Weekly Roundup: biotechin.asia

14-20 December 2015

Delhi And Beijing: 2 Cities And 2 Ways Of Dealing With Smog

Two cities. Two very polluted cities. And two very different ways of dealing with twin public health crises. When Beijing’s air was forecast to reach hazardous levels for three straight days earlier in December,the government issued a smog red alert. The result: Half the city’s cars were off the roads within hours, schools were closed and construction sites shut down. Less than three days later, pollution levels had dropped by 30 per cent. (Read more)

Stem cells: latest developments and potential therapeutics

This article is part of the media coverage of Stem Cell Society Singapore (SCSS) Symposium‘Opportunities & Challenges in Stem Cell Based Medicine’, held 17-18 November 2015 at Biopolis, Singapore. Stem cells have shown a lot of promise as potential therapeutics in treating a wide variety of disorders. However, significant challenges remain to be overcome before stem cell based therapies are routine in the clinic. This will need the troika of clinicians, researchers and regulators to work together to solve these challenges. (Read more)

New Type 4 diabetes not linked to obesity

A new type of diabetes that’s not associated with insulin deficiency or obesity has been discovered — in mice. In a study published Wednesday, researchers led by Salk Institute scientists found that in a mouse model of the disease regarded as predictive of human diabetes, some develop an unusual type that affects old, lean mice. (Read more)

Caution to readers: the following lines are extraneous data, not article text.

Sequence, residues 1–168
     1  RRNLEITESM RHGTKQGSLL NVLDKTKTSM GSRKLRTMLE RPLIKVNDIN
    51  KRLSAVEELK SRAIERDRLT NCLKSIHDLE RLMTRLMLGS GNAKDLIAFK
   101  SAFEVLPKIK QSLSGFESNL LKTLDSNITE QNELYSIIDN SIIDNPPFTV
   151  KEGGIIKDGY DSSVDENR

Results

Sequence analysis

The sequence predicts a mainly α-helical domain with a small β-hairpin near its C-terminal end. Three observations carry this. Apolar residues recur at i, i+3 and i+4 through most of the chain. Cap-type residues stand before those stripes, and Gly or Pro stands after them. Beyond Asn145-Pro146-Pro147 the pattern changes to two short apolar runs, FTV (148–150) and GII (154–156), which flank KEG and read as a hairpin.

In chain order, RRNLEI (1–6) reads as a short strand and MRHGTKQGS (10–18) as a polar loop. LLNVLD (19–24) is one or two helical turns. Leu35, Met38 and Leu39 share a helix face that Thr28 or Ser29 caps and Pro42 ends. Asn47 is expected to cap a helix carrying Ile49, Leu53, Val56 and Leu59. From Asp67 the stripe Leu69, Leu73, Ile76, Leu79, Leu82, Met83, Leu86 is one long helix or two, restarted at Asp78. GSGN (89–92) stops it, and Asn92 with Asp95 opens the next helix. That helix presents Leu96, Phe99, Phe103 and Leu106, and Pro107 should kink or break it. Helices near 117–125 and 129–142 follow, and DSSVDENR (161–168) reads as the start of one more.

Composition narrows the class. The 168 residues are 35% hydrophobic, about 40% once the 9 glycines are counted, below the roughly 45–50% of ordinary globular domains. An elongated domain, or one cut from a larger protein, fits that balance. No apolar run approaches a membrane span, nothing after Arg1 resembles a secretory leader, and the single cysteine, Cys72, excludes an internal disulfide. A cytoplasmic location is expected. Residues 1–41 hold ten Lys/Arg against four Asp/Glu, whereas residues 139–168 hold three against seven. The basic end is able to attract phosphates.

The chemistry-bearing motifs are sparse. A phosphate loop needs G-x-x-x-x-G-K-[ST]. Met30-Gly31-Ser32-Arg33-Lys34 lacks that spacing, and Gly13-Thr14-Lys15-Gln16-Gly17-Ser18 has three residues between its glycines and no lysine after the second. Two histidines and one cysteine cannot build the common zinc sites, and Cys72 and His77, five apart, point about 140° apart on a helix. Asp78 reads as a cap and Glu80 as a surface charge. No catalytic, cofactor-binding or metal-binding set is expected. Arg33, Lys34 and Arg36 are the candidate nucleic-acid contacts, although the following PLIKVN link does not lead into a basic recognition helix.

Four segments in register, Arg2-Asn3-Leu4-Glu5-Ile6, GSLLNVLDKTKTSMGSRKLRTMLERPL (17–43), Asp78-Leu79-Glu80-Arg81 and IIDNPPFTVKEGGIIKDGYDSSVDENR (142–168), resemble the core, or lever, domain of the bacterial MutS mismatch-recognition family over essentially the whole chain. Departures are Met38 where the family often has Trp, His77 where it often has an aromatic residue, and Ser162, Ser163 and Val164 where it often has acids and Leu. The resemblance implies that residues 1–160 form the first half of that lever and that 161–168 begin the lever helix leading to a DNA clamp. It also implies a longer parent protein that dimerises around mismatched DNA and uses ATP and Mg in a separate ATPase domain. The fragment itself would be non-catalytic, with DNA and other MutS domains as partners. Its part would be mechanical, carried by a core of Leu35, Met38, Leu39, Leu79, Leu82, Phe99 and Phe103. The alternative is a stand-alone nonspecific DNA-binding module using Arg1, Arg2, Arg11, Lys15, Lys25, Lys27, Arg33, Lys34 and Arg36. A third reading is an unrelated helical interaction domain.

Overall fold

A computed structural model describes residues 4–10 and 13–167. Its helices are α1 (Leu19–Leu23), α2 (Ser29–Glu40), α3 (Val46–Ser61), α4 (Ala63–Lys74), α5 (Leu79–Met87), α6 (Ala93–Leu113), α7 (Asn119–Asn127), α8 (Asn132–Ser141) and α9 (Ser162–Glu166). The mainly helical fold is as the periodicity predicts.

Most cancer cases are avoidable, say researchers

Most cases of cancer result from avoidable factors such as toxic chemicals and radiation, according to a study. The findings clash with research published earlier this year which found that differences in cellular processes were the chief reason some tissues became cancerous more frequently than others. That study led to claims that certain cancers were mainly the result of bad luck, and suggested these types would be relatively resistant to prevention efforts. (Read more)

Researchers mass-producing stem cells to satisfy the demands of regenerative medicine

Growing demand of stem cells in regenerative medicine led scientists to expedite the production of these cells. Researchers at the A*STAR Bioprocessing Technology Institute (BTI) in Singapore have designed a process for mass-production of stem cells. Dr Steve Oh’s group has been growing stem cells by conventional means at BTI for seven long years, when in 2008 his colleague Shaul Reuveny proposed an idea for mass-production. (Read more)

Implications of finding liquid water on Mars

NASA’s Mars Reconnaissance Orbiter (MRO) recently detected intermittent signs of liquid water in present day Mars. This finding provides the strongest evidence yet for the presence of liquid water in the red planet after fifteen years of intensive exploration. While researchers believe Mars was once a warm and wet planet which could have supported life, it is believed that its smaller size, lesser gravity and thinner atmosphere as compared to earth could have led to most of the water being evaporated and lost into space. (Read more)

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